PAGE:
Making Art With Light: A profile of Florence Hill
Posted August 29th, 2018 by Bridget Kranz
Longtime Minneapolis artist Florence Hill builds community everywhere she goes, from her Northeast drawing co-op to the fields of France.
“Florence is like an icon around here,” Jo Ann Hendricks explains.
Hendricks first came to Minneapolis as Executive Director of NEMAA in 2004 and has been coming to Florence Hill’s figure study drawing group in the California Building ever since. On a recent Sunday, as a model takes center stage and begins with a series of five-minute poses, Hendricks lays out a section of newspaper and scribbles furiously with markers. As the session continues and the model works her way up to ten-minute and then twenty-minute poses, Hendricks switches to nicer stock.
Many of the twenty to thirty artists in the room are equipped with only sketchbooks and a pen. Some have brought entire toolkits; the man in front of me draws with watercolor pencils and then floods his drawing pad with a large paintbrush.
Ilya Kravchik’s figure studies at Hill’s co-op. Photo by the author.
At the beginning of the session, Hill made a few announcements before taking up her spot at one side of the room. She let people know that there were oatmeal-chocolate chip cookies and that one member’s dog was completely blind and may need help staying by its owner.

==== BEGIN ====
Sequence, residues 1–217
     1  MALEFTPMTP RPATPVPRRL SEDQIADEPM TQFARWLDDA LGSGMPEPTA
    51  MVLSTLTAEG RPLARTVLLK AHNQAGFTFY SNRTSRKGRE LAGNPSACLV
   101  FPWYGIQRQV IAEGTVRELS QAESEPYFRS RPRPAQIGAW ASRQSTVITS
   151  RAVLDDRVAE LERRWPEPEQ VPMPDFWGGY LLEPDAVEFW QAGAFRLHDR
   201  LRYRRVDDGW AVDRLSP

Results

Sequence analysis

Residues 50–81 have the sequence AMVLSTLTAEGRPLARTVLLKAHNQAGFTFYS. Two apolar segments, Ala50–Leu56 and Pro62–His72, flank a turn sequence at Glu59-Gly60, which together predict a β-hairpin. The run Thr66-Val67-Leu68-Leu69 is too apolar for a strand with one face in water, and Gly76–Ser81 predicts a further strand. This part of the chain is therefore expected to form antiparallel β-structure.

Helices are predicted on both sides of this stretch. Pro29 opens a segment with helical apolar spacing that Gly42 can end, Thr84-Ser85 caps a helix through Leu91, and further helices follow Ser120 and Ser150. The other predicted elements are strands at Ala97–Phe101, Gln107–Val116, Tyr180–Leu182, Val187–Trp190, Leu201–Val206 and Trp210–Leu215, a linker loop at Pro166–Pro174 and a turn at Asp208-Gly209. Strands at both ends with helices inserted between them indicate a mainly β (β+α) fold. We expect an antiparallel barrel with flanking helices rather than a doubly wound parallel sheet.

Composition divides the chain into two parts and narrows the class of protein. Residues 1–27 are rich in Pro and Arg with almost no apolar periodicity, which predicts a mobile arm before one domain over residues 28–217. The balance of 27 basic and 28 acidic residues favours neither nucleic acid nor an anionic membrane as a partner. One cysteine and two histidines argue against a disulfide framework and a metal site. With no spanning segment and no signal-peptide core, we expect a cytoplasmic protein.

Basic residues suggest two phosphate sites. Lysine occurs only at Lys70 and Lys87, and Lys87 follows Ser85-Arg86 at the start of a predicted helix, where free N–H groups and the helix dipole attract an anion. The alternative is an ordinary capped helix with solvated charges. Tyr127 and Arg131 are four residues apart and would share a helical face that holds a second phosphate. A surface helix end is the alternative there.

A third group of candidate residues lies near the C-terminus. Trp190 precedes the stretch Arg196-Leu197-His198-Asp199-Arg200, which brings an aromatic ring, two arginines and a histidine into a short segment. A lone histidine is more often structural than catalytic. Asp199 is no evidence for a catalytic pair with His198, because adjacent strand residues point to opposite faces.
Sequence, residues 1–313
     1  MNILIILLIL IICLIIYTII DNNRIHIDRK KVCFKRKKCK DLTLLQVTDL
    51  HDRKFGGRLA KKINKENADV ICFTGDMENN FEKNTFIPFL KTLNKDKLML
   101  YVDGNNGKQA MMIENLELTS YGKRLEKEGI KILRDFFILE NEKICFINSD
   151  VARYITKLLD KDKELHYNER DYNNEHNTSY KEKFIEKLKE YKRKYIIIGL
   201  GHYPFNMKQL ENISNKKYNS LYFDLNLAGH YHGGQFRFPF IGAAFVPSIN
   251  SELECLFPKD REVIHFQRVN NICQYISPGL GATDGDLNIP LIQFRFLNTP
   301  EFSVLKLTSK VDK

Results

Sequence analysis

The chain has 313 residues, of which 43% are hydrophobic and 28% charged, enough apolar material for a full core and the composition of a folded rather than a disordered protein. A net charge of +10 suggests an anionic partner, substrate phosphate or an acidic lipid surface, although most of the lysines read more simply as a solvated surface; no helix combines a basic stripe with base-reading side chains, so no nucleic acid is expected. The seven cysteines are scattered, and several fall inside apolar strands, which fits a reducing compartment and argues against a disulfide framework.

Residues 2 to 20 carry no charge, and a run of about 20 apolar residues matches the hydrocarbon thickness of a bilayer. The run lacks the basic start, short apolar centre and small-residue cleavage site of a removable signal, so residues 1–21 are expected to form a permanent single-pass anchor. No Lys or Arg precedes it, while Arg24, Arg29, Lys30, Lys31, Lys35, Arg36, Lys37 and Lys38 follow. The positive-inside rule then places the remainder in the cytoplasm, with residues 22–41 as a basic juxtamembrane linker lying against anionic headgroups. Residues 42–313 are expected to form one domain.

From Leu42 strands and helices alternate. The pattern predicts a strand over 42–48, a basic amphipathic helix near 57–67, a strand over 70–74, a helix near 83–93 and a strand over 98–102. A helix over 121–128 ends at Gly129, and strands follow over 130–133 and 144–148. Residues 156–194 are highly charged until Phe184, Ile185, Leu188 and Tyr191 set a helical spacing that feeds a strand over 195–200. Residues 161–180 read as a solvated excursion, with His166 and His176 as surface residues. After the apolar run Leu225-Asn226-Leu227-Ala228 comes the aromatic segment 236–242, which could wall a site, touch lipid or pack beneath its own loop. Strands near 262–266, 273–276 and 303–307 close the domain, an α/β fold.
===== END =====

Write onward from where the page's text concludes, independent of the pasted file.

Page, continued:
She’s been running this group for 43 years. It happens every Sunday at her studio on the first floor of the California Building without fail, holidays included. The cost is $8.00 per person, which covers the expense of having a live model. There’s no instruction, no lesson, just encouragement and communal learning.
Hill presides over the group with a calm and caring presence. At the end of the session, she walks around the room and holds up members’ drawings, praising everyone’s efforts. Artists greet her as she comes by. The mutual respect and admiration between Hill and these attendees is part of what keeps people coming back week-to-week.
Scott Espersen adding finishing touches to his drawing at Hill’s co-op. Photo by the author.
Before sitting in on her drawing group, Hill and I met at her home in Powderhorn to discuss her own artistic practice.
“Have you ever seen moonlight?” she asks, as we sit in her garden. “It’s magic. It drifts just like perfume. Settles in.”
The plants curl around us and reach to fill the empty spaces between our chairs. Hill explains that she was always visually oriented and was an artist long before she began taking formal painting classes after the birth of her second child. Moonlight drifting in through her window at night is just one strong memory of her youth on a farm in northern Minnesota.
Florence Hill, Brittany, acrylic on baltic birch panel
In her own paintings, Hill gravitates toward such quiet moments, when nature is at work. She depicts evening light dyeing the landscape purple, afternoon sun casting patterns across a bed, and a grove of trees backlit by an orange sunset.
“Just little tiny places that you find, where the light is perfect,” she explains. “Where nature is making art with light.”
Hill has been making things since she was a child, but didn’t fully begin her artistic career until having two children of her own: “I think that was a blessing of having the time with the kids, which was really inspiring.”
She would draw with them at the kitchen table, or give them paintbrushes and water and send them outside to paint on the sidewalk. She also began taking formal art classes at the Minnetonka Center for the Arts and the University of Minnesota. After having her last child in 1965, she was admitted into the Walker Biennial in 1968.
“How I did that, I’m not sure,” she jokes.
Florence Hill, Sunlit Bed, acrylic on baltic birch panel